We see many young adults who are troubled by the “bracket scars” that remain from their time in braces or traditional wire orthodontics. There are many suggested methods for preventing that initially, but if you are beyond that point and want to remove that marks of enamel demineralization, there is hope, and it is not what you think.
We often remind patients that as much as what we know has changed over recent decades in dentistry, that some basics have not changed. The equation for caries is still the same:
BACTERIA (STREP MUTANS) + SUGAR ==> ACID
That acid, when left in place, demineralizes the enamel matrix, which then can allow for the development of dental caries. In order to prevent dental caries, you must prevent the demineralization. In order to prevent the demineralization, you must remove one of the pieces of the equation. A study produced by the independent research group TRAC (Technologies in Restoratives and Caries) found that 4 of 5 products on the market made statistically insignificant improvements to the “bracket scars,” in regards to visible demineralization. Prevident 5000 (a prescription 5000ppm fluoride toothpaste) came out on top as the most effective, but even then only in a percentage of cases.
WHERE’S THE HOPE?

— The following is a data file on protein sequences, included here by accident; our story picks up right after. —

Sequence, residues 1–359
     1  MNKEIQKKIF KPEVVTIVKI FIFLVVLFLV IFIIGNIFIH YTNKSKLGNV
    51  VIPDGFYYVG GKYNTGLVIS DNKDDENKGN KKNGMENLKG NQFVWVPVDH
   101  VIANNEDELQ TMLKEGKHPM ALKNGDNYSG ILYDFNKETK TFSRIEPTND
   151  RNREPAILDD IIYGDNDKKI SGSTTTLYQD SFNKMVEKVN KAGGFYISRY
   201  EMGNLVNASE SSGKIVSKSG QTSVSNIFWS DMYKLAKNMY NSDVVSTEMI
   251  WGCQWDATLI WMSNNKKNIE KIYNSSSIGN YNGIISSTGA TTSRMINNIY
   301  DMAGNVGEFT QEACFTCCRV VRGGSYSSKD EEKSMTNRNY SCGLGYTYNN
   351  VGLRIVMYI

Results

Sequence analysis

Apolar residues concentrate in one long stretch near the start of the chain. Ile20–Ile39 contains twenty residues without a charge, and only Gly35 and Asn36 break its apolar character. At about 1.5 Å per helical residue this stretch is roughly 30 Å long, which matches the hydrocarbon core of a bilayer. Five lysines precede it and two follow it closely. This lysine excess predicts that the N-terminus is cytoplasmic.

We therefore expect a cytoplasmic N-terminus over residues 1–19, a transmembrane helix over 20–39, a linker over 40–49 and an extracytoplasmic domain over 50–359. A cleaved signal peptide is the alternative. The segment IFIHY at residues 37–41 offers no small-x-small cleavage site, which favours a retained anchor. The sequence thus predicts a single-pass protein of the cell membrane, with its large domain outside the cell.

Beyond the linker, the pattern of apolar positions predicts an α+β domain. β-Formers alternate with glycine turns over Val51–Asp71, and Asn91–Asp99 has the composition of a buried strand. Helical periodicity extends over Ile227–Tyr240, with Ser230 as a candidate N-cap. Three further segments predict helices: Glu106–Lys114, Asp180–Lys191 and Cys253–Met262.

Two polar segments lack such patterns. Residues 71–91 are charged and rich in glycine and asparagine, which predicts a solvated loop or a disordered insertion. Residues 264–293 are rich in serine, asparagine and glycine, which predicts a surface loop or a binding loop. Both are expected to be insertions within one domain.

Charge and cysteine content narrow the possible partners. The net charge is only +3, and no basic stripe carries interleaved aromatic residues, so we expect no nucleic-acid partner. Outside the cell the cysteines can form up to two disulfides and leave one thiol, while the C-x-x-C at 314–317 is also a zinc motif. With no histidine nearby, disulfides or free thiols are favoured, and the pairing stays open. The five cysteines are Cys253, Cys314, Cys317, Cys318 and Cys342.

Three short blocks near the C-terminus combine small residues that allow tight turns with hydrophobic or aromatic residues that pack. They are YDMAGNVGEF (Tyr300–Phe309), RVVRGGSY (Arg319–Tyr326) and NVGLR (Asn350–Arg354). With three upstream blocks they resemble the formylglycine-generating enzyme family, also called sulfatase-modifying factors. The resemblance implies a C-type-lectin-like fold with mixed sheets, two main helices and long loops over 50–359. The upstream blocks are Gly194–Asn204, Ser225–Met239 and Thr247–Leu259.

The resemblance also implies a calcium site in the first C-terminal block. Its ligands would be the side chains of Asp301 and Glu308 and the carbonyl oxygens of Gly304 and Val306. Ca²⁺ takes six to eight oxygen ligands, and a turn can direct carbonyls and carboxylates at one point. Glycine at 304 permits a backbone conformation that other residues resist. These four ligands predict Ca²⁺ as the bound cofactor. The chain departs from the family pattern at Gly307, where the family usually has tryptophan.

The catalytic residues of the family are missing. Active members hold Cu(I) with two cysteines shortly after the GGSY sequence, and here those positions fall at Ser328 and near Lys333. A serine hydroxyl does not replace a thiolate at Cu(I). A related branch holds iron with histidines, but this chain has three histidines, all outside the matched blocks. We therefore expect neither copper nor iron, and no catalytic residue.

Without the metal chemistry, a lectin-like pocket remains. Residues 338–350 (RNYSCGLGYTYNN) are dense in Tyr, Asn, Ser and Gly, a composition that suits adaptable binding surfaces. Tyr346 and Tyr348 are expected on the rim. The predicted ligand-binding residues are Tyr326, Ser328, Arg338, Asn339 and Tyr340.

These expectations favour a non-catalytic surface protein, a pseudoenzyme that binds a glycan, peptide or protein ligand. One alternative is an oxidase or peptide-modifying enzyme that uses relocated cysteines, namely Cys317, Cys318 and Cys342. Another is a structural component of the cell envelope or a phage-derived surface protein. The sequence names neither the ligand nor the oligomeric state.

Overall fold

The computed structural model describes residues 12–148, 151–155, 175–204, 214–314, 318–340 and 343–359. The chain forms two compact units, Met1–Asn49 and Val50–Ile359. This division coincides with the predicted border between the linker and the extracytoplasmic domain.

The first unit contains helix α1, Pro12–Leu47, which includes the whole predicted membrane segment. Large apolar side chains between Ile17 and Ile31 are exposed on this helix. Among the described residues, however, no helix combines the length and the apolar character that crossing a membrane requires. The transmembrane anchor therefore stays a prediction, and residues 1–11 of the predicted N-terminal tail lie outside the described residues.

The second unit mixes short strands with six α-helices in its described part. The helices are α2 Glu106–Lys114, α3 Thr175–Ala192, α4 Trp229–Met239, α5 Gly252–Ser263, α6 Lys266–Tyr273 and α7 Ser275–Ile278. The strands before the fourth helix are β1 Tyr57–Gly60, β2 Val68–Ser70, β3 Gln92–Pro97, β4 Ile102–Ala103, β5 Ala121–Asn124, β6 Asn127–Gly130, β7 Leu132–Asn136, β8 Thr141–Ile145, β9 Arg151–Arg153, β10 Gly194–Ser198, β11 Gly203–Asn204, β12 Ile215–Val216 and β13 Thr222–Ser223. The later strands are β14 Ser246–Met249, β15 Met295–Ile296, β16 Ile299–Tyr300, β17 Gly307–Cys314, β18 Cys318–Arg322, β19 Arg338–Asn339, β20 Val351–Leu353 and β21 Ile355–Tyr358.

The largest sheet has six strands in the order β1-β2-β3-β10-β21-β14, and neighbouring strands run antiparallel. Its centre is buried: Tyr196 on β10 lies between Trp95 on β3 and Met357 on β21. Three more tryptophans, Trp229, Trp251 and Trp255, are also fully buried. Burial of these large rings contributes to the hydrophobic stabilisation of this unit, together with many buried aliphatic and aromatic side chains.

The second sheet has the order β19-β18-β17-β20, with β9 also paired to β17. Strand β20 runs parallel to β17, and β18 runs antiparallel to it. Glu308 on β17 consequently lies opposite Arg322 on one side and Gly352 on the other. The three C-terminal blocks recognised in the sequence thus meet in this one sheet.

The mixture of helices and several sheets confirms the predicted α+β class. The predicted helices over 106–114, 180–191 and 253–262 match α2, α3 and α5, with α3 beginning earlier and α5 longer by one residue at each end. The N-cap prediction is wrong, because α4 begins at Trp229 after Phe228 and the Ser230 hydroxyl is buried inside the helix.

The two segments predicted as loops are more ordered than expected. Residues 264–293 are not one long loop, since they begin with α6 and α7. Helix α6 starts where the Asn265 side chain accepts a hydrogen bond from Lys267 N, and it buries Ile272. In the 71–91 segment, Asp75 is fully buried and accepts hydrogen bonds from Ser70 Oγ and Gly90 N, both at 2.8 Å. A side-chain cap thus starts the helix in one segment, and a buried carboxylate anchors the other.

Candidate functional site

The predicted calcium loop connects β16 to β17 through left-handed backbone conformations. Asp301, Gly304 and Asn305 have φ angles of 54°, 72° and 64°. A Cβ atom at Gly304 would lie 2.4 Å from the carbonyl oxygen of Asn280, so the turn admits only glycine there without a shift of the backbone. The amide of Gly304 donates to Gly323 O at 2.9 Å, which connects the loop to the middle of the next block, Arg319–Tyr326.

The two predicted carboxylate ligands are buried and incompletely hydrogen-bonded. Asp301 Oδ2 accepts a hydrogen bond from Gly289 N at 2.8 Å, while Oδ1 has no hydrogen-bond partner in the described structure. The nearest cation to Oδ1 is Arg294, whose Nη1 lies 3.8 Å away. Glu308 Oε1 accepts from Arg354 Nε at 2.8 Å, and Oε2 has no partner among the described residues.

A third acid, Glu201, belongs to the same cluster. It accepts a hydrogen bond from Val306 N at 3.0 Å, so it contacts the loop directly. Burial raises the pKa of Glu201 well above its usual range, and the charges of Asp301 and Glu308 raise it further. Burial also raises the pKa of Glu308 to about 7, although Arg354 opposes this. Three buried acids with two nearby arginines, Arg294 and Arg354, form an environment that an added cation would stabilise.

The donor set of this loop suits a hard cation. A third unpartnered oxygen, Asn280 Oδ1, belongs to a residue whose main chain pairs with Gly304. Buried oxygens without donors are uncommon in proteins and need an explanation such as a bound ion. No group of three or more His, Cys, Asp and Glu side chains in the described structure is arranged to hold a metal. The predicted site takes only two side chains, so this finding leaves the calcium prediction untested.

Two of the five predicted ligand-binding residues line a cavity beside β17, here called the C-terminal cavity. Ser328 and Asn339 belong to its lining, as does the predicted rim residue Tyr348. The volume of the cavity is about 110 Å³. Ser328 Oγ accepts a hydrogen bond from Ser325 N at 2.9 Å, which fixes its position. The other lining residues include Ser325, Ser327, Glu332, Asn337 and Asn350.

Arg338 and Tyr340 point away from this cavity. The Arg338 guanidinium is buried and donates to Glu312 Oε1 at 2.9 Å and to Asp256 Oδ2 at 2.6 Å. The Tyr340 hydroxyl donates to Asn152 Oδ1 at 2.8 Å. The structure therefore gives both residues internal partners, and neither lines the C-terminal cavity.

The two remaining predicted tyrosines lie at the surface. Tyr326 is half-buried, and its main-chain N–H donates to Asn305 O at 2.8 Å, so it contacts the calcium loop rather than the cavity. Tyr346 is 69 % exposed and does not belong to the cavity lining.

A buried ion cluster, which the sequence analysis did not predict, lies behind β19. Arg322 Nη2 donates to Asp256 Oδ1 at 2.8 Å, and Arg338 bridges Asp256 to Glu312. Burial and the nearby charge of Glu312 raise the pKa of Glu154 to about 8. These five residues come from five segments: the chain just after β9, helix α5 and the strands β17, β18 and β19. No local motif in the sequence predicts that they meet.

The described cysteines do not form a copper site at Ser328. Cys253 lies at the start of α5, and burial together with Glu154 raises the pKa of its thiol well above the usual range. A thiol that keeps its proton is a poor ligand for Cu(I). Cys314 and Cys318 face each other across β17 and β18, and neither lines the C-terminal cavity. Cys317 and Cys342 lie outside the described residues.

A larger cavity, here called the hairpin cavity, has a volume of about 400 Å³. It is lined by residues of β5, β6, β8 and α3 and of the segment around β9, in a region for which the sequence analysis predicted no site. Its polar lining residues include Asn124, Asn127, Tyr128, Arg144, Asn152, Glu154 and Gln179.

It lies in this. Amongst the control group, when demineralization was considered to be “mild,” the appearance of the white lesions diminished ON THEIR OWN with proper and consistent hygiene following removal of the braces! There are other studies that have been run on the significance of fluoride, and it still remains our best defense against the formation of caries, but in a podcast that I had recently listened to, Dr Christensen had made a very valid point. In order to legitimately control the INFECTIOUS & COMMUNICABLE disease of dental caries, we must control one of the pieces of the above equation. And since that bacteria, if it is now a part of your flora, isn’t going anywhere, we must control the sugar in our diets.
The long and short of it is that, in order to prevent demineralization and caries, BACK TO THE BASICS, floss and brush properly and every 8 – 10 hours~